A.T. Kearney is one of the largest management firms in the world. In 2003, 2004, and again this year, Kearney teamed up with Foreign Policy, one of America’s most respected political journals, to create a “globalization index”. Each year, they take a variety of different objective indicators to develop their index and apply them to each nation. They cover 62 nations ranging from those that can be expected to be “globalized” (US, Europe, Japan, etc.) and a few that are at least of global importance (Iran, for example). The nations that made the “cut” in the Western Hemisphere include Canada, the US, Mexico, Brazil, Argentina, Chile, Venezuela, and Colombia. Each of these nations has a large population and an active economy based in good part on foreign trade. The only small nation included in the list was Panama, an indication of its importance from the outset.

Of the 62 nations, Panama ranked 30th in 2003. It ranked 27th in 2004. Today, in 2005, it ranks 24th. It ranks higher than any other Latin American nation and by a wide margin. Chile is next, ten levels behind at 34th. Mexico is next at 42nd and so on down the list.

But here’s the real surprise. The rankings are further divided into four basic groups (economic, personal, technological and political). I am most interested in the economic rankings as they are based on the best statistics and the economic area is, in my opinion, the critical area for globalization. How economically “connected” is Panama to the rest of the global community? Well, it ranks 3rd. That puts is far ahead of Canada (27th), the UK (32nd), and the US (60th). How could Panama be more globalized economically than these other nations? It’s not that hard to explain. Panama’s tiny population of 3 million means they have a tiny home market. The US population of 300 million affluent people means Americans have a huge home market. Panama’s economic growth requires globalization in ways that US economic growth does not. Having a small home market is not enough. Finland is 15th and New Zealand is 36th. A nation must truly be thoroughly involved in the global economy to get into the top five. Panama’s position, both in the general index and its economic component, is unbiased testimony to its degree of global integration.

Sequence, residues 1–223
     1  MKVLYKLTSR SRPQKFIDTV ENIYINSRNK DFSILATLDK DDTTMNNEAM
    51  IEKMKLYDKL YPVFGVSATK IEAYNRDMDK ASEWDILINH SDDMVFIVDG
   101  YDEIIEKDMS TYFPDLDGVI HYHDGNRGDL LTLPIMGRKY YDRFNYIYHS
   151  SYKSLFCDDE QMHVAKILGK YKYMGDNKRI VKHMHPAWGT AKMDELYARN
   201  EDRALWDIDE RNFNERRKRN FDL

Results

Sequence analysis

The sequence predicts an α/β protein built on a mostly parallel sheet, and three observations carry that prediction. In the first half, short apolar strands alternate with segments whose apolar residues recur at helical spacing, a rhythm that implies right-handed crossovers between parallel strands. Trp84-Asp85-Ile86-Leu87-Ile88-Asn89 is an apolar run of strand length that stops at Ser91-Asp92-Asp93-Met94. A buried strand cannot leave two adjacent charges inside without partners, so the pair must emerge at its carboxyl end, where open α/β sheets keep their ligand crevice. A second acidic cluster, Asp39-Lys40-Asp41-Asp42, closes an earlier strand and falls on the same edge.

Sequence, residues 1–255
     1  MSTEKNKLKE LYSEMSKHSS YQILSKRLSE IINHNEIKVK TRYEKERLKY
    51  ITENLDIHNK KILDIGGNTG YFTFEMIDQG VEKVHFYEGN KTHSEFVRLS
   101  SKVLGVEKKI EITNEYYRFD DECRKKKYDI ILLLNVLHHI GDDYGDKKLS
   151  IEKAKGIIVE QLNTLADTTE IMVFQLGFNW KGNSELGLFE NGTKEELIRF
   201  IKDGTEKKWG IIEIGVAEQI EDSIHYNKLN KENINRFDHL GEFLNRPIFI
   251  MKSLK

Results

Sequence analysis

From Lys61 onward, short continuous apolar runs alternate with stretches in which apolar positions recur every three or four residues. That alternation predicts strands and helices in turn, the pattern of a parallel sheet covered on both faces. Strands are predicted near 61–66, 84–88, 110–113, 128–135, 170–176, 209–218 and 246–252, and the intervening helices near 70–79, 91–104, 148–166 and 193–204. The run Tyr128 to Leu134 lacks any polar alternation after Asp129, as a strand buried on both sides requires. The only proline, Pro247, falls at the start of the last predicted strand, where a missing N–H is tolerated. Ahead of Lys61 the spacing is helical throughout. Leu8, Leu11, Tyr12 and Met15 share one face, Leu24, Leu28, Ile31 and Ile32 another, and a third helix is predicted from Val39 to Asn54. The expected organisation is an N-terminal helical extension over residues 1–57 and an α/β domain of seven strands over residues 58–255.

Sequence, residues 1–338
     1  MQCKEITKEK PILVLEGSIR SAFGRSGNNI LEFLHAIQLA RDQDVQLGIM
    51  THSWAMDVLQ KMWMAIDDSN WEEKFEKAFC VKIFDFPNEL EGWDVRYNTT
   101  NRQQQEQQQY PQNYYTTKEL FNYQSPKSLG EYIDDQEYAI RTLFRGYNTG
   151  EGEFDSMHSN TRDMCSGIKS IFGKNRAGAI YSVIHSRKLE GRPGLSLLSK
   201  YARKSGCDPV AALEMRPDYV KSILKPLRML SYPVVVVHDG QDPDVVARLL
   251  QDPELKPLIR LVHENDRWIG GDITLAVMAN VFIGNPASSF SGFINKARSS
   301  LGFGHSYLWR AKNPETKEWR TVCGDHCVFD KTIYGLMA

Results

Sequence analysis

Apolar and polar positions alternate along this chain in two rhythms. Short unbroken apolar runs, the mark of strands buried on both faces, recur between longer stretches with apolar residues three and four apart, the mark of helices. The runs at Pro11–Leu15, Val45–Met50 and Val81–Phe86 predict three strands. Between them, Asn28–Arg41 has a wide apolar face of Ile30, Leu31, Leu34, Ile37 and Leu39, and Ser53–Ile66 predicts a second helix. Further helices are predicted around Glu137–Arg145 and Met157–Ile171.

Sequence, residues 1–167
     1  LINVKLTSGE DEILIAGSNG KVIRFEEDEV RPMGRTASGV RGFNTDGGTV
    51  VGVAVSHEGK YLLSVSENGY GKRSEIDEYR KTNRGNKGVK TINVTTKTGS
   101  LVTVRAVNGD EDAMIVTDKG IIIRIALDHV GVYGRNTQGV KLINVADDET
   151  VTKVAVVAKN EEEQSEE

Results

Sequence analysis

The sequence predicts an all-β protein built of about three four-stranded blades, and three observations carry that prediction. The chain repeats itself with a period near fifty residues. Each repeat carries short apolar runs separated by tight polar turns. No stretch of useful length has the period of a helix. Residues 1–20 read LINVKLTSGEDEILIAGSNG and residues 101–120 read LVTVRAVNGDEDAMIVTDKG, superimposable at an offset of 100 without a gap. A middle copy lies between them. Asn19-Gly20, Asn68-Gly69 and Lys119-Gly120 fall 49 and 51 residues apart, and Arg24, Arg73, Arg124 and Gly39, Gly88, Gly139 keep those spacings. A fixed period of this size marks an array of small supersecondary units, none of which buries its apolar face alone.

Why is this so important to me? It’s all well and good that Panama is a nation of immigrants where a Canadian, an American, or a European is not going to stick out like a sore thumb, but that represents, in great part, past “globalization”. The fact that Panama is a leader in integration with today’s global community means that Panamanians will continue to have good reason to welcome people from other nations. This reinforces the already existing high level of tolerance for others. Panama has cast its lot with the global community. The subject is a closed one in Panama. Panamanians don’t want to isolate Panama from “foreign influence”. It’s absolutely the contrary.

Whatever your nationality, Panamanians are more than happy to let you join them, as long as you show the same tolerance and respect for them and others that they show for you. They are too busy being part of the global community to waste time worrying about foreign retirees. Quite the contrary, they welcome them. That, not the beautiful beaches or even the hot real estate market, is why I’m moving to Panama.

Postscript – If you’d be interested in reading the Kearney/Foreign Policy report, you can download it here.